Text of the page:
Stray a few blocks from its diminutive train station and Ravenna feels immediately different, even by multilayered Italian standards. Historically it fills a little-known void between the fall of the Roman Empire and the advent of the High Middle Ages, an era when the Ravennese were enjoying a protracted golden age while the rest of the Italian peninsula flailed in the wake of Barbarian invasions. Between 402 and 476 Ravenna was briefly capital of the Western Roman Empire and a fertile art studio for skilled Byzantine craftsmen, who left their blindingly colourful mosaics all over the terracotta-bricked Christian churches.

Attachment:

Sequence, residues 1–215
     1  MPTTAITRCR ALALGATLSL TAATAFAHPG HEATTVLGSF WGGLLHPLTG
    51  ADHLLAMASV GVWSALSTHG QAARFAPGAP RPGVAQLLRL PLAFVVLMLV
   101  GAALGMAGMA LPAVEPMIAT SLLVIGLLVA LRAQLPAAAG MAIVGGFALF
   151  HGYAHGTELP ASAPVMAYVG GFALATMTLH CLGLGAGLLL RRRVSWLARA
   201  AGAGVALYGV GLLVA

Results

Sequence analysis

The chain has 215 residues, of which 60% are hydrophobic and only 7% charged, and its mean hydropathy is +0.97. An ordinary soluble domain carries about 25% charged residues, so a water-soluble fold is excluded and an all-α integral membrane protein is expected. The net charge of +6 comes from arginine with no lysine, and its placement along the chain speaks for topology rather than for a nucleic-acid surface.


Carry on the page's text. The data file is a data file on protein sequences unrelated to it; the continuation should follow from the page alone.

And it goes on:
No matter how impervious you might have become to zealous religious art, Ravenna's brilliant 4th- to 6th-century gold, emerald and sapphire masterpieces will leave you struggling for adjectives. A suitably impressed Dante once described them as a 'symphony of colour' and spent the last few years of his life admiring them. Romantic toff Lord Byron added further weight to Ravenna's literary credentials when he spent a couple of years here before decamping to Greece. In 1996 the mosaics were listed as Unesco World Heritage Sites.